Sunday, 5 May 2013

Finding your feet at Fairlynch


 

 

"The best of Budleigh Salterton is on display in Fairlynch. Local history and local geology sit together in a charming building. Every time I walk past or go inside, I am reminded of why this town is so special."  That’s what the broadcaster and former Budleigh resident Sue Lawley told us a few years ago.

Yes indeed. May is National Walking Month. Living Streets, the national charity that works to create safe, attractive and enjoyable streets, is encouraging people to walk with their successful annual initiatives of Walk to Work Week and Walk to School Week during the current month.

Living Streets is also urging people to enjoy the thrill of making those wonderful little finds that happen only when you’re on foot. “Walking is a great way to discover hidden gems in your neighbourhood - be it for the view, the ambience, or a particular attraction,” they say.

The charity has launched a campaign to discover such hidden gems, inviting people to join with them in their quest to find new national treasures. The top new discoveries will be crowned one of the seven wonders of National Walking Month.

Entries opened on 1 May. Living Streets will pick the final seven on the strength of how they are described. You can send in photos and even videos, but make sure you tell the campaign organisers why your Hidden Treasure is so special.

Maybe you’ll find your footsteps taking you to Fairlynch this month. It may be ages since you last set foot inside the Museum. Or you may never have visited the charming building before. Now that we have free admission you may feel like joining the growing number of visitors to Budleigh who find that Fairlynch is truly one of the town’s hidden gems.   

And if, like Sue Lawley, you feel it’s a national treasure worth writing about do let the people at Living Streets know about us. For more details click on http://www.livingstreets.org.uk/challenge/seven-wonders-of-walking
 
Image credit: Living Streets with an amendment by Fairlynch Museum

 

 

 

 

 

Friday, 3 May 2013

Museum says farewell to lacemaker


 
Fairlynch is losing one of its volunteers who helped make a popular Friday afternoon attraction at the Museum with the retirement of resident lacemaker Margaret Leese.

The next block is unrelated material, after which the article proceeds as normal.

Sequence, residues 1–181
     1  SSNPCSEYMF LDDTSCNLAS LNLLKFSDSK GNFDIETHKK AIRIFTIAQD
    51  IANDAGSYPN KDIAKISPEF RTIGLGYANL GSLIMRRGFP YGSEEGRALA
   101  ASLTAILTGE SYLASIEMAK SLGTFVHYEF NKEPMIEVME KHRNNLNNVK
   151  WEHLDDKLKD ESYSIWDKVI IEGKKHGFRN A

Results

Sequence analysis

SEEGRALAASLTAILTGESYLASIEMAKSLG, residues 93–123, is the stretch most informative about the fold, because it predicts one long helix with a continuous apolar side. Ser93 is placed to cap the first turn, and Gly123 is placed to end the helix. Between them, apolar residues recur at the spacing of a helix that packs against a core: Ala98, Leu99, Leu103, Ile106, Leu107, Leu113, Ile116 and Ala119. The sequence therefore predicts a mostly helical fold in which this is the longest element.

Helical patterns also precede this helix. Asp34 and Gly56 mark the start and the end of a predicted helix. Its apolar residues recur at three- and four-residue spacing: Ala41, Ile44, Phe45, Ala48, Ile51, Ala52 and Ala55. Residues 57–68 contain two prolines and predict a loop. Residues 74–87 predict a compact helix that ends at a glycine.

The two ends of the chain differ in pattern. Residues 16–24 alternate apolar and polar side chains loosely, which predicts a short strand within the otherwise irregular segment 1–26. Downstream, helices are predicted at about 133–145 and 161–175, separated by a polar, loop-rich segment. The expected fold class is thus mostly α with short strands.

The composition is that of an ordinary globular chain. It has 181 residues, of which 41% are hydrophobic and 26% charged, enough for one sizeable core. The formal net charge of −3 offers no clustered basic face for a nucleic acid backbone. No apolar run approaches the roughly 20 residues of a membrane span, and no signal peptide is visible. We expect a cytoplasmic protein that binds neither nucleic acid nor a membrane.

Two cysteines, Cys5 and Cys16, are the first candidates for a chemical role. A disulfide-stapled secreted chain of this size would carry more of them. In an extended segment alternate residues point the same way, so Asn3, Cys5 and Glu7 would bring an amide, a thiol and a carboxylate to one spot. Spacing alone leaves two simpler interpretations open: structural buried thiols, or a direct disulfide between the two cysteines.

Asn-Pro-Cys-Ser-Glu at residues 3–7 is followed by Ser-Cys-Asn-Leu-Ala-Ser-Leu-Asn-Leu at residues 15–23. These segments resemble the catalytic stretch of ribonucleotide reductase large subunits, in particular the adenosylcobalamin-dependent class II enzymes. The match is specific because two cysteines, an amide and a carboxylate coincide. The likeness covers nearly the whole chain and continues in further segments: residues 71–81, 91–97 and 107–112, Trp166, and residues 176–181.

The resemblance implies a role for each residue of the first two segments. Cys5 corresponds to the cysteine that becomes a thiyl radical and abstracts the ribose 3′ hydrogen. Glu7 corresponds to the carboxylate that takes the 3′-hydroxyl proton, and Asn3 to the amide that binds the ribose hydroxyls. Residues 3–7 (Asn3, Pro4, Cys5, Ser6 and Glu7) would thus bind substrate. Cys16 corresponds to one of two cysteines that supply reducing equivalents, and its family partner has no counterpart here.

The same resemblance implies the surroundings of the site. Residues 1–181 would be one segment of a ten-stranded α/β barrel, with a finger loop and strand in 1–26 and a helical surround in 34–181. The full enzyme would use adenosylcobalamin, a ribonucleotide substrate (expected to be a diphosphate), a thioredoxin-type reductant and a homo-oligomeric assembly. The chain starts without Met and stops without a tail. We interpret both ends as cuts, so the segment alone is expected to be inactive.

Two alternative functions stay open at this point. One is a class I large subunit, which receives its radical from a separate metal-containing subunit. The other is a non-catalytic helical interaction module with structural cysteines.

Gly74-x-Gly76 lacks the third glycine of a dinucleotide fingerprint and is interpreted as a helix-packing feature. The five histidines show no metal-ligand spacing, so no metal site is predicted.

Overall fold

Exmouth resident Margaret delighted and intrigued hundreds of visitors to the Museum with the demonstration of her intricate and beautiful work.  “Lacemaking was very much a traditional cottage industry in this part of Devon, so I am sorry not to be continuing at Fairlynch,” she said. “It has been a thoroughly enjoyable experience to be part of the Museum’s lace team in such a special way.”
 
Originally from Cornwall, Margaret first started lacemaking over 25 years ago when she saw the skill being demonstrated at Ottery St Mary. “I hadn’t been in the area all that long but I thought that looks quite exciting and challenging as a hobby,” she recalled.

 
Various pieces of Margaret’s work are on show at Fairlynch, including a lace version of the Museum’s doorknocker. She reckons that it must have taken 400 hours to make.
 
Lacemaking continues to thrive as a hobby for many enthusiasts all over the world, and the Museum is keen for demonstrations to be continued.  Fairlynch volunteer Sue Morgan who took over recently the Dolls and Bears department at Fairlynch has offered to give lacemaking demonstrations at half-term and on Friday afternoons during August.

Fascinating Finds Day at Fairlynch




 
Have you ever found a curious coin while out walking?  Or a puzzling piece of pottery?  Or even an  ancient axe-head?

Anyone who has made such a fascinating find is invited to bring the item to Fairlynch Museum on Thursday 23 May 2013 between 11.00 am and 5.00 pm.

Archaeologist Danielle Wootton, who works for the Portable Antiquities Scheme, will be on hand to identify objects that people may have found while out digging in the garden or rambling in the countryside.  Metal detectorists are welcome, says Danielle.

“Finds Days like this are a wonderful opportunity for objects to be identified and recorded by experts. We would like to see anything that has been made or shaped by humans in the past such as flint, bone, pottery and metal objects or coins - but not things like rocks or fossils, dolls or antique furniture.  Even if you haven’t found anything, drop in to find out more about Archaeology and the Portable Antiquities Scheme. Everyone is welcome.”